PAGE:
|Produced by Glyn Johns|
|Released on April 1978|
|US CHART POSITION #16 (charted May 13, 1978 for 17 weeks) . . . UK CHART POSITION #4 (1982)|
|Find it at GEMM|
|871 836-7 wo. picture sleeve
[high resolution scan]
O kay, let’s settle this once and for all. Is it morally wrong for an advertising company to use a familiar song to sell a product on television? Let’s not address where the culpability lies (agency, artist or industry) and focus on the act itself. First of all, commercials use original music to sell products all the time. Since the emergence of the merchant class, commerce has been a steady patron of the arts. This relationship doesn’t always produce the best art, but it does foster an art industry that sometimes produces great artists. So, relationship between art and commerce: okay. Is music art? Sure it is. Can existing art be re-sold and taken out of its original context? Yes, says Andy Warhol, and I agree. Art is partially defined by its relationship to its environment, so we’ll admit that using Led Zeppelin’s “Rock & Roll” to sell SUVs alters the song’s artistic composition for that moment, but do we as a society have a moral obligation to protect art in its original context? No, we’ve handed off that responsibility to the original artist. If the artist or the individual(s) representing the artist’s estate wish to re-sell the rights to a work of art, we assume (as non-artists) that it is done in a spirit of responsible stewardship that protects the interests of both art and commerce. Sometimes they just want the money, but a good society rewards its artists. So, yes, you can re-use an existing work of art (a song) in a commercial venture (advertising). However, advertising is an admittedly nefarious little business that relies upon subliminal messages to sell products to (sometimes) unsuspecting consumers. Girls playing volleyball with guys drinking Coors Light means that hot chicks dig guys who drink Coors Light. Soft music and heart-tugging human relationships underscore the fact that Bank of America cares about people. Listening to Led Zeppelin while watching an SUV splash through the mud promises that you can feel young again by driving this vehicle. The advertising agencies know that particular songs resonate with specific demographics (the artists must know this as well), and these ads in many cases target the artist’s original fan base. Is this much different than a musician selling the mailing list for the fan club to a direct mail company? Yes, because with a mailing list you’re selling a known quantity. Re-using a song is a much riskier proposition for advertisers; some listeners (like myself) have an adverse reaction, others may identify with it, still more may be hearing the music for the first time. In the case of “Wonderful Tonight,” which is being used to sell some sort of music download thing I think, the advertisers even borrowed some of the Clapton legend (how the song was written) for their commercial. It’s the "commoditization" of celebrity, perhaps, but not of the listening experience itself (the original artist/audience relationship), which remains uncorrupted. If an artist can profit from the re-presentation of their art on stage, why not on television? If it’s okay to use an existing song in a movie (itself more product than art), why not a short advertisement? Don’t get me wrong, I don’t like advertising or television, but it’s the manipulation of minds I’m worried about, not the perceived sanctity of some old piece of plastic. Oh, yeah, if you actually came here to read about “Wonderful Tonight,” there’s some wonderful stuff on Songfacts.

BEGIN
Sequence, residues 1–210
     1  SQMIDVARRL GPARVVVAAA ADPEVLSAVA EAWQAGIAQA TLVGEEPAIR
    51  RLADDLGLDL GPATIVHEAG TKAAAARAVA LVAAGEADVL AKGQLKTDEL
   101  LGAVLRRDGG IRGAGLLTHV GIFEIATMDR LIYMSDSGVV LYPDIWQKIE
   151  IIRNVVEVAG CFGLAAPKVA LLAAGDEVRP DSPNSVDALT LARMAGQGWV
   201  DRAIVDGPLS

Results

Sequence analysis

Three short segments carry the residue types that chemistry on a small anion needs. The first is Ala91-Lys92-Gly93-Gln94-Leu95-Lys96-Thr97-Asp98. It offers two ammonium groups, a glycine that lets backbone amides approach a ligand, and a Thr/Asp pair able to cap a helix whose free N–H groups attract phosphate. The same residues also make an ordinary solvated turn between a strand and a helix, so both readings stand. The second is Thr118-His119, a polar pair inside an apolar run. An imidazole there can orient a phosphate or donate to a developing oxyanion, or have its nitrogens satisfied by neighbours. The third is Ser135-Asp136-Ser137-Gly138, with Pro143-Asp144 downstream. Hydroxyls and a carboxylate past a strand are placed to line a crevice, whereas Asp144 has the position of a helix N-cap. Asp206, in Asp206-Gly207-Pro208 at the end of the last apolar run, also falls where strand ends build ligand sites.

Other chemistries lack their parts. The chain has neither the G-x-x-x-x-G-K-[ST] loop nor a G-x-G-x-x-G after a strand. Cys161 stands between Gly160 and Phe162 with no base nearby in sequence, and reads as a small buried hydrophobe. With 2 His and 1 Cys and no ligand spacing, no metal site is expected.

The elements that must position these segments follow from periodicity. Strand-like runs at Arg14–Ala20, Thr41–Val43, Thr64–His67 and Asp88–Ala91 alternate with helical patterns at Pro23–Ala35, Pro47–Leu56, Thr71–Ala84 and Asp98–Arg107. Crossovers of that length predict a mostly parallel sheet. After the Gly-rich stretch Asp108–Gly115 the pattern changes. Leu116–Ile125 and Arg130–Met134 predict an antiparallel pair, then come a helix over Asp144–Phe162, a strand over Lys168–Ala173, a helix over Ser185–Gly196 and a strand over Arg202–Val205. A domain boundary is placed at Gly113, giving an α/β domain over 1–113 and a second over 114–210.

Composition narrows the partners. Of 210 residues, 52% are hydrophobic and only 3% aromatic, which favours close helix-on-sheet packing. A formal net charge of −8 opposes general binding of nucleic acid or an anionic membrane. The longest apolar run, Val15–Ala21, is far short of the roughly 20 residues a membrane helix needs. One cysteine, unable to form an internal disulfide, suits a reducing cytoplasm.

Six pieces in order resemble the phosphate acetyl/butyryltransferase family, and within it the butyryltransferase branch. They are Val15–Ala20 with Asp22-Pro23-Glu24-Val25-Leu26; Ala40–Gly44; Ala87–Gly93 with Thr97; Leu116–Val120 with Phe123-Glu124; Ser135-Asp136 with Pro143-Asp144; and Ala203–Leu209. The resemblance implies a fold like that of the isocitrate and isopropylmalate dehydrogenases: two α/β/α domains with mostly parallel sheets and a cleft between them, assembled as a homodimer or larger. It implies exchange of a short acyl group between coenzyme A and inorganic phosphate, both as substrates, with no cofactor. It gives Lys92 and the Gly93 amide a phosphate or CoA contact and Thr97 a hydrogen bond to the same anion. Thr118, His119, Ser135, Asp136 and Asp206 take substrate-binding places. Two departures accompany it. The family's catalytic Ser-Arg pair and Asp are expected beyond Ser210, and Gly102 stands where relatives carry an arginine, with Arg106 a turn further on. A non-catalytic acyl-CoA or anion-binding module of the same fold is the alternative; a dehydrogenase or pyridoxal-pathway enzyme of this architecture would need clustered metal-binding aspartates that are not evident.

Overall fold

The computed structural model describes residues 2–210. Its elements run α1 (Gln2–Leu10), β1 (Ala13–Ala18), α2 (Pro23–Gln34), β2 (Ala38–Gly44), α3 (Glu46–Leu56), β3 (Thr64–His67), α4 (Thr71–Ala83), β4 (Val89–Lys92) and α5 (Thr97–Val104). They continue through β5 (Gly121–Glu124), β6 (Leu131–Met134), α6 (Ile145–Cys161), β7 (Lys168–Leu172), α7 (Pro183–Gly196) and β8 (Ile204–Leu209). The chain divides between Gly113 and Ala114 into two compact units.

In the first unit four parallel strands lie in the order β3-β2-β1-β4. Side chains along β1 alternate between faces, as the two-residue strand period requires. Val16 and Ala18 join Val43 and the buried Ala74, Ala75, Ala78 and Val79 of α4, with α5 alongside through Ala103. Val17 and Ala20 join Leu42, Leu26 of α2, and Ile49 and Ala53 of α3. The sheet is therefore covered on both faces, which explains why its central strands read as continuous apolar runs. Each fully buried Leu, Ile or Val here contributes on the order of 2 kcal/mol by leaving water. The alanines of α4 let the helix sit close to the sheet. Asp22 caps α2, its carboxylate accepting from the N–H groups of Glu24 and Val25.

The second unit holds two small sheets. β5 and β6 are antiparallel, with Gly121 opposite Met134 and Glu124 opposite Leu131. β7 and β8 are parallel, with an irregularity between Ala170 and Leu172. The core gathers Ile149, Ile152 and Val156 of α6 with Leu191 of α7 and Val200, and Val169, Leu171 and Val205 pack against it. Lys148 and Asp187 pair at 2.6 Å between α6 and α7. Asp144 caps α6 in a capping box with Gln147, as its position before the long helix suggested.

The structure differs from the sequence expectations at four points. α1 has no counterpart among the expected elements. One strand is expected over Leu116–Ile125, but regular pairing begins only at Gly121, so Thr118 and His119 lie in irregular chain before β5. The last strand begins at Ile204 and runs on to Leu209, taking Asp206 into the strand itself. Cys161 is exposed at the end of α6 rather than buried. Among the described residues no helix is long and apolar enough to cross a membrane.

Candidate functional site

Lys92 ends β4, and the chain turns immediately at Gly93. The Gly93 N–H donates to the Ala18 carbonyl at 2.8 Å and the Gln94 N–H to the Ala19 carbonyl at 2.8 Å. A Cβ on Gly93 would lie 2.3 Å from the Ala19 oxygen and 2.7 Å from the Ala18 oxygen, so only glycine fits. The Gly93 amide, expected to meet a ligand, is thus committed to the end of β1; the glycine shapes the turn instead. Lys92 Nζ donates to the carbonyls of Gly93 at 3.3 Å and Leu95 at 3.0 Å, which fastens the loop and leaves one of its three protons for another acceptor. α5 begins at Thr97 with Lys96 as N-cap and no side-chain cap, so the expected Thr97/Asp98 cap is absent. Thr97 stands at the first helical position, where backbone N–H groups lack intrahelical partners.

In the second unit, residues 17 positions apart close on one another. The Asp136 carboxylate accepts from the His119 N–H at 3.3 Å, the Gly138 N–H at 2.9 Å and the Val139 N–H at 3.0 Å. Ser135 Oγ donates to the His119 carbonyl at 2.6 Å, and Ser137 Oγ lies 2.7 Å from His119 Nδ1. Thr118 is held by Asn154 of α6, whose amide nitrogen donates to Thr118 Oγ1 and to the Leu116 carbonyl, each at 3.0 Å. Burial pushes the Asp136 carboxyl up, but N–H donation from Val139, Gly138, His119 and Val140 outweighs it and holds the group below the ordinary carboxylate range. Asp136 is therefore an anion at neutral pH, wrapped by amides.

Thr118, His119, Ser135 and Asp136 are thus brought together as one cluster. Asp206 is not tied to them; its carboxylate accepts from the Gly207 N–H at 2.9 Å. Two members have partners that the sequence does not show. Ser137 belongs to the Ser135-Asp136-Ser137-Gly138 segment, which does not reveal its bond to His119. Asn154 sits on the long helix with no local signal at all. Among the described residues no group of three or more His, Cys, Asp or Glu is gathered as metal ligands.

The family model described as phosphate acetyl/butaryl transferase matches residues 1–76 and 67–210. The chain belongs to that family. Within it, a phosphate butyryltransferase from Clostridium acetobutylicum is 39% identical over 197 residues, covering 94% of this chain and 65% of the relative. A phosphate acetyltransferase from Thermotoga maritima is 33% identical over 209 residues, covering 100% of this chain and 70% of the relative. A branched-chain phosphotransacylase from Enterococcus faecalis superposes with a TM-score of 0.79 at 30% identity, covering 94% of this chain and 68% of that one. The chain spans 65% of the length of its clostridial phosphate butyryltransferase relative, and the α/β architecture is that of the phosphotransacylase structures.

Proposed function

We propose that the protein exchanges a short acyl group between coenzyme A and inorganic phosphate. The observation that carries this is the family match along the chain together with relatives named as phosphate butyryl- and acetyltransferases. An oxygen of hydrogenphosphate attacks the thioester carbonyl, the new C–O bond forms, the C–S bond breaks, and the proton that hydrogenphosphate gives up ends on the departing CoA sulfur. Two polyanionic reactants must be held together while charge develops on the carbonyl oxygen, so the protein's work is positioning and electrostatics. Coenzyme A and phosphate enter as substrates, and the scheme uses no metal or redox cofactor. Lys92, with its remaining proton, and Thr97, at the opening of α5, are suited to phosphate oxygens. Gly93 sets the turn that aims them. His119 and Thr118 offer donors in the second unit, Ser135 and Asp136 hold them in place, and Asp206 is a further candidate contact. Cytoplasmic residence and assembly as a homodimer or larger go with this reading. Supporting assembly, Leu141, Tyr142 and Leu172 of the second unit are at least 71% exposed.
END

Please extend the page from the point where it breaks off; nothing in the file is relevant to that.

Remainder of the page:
return to ERIC CLAPTON discography
|REGION||RELEASE DATE||LABEL||MEDIA||ID NUMBER||FEATURES|
|US||April 1978||RSO||7"||RS 895|
|US||1978||RSO||7PRO||895||feat. A mono on flip|
|US||1982||Polydor||7"||871 836-7||"Timepieces" single|
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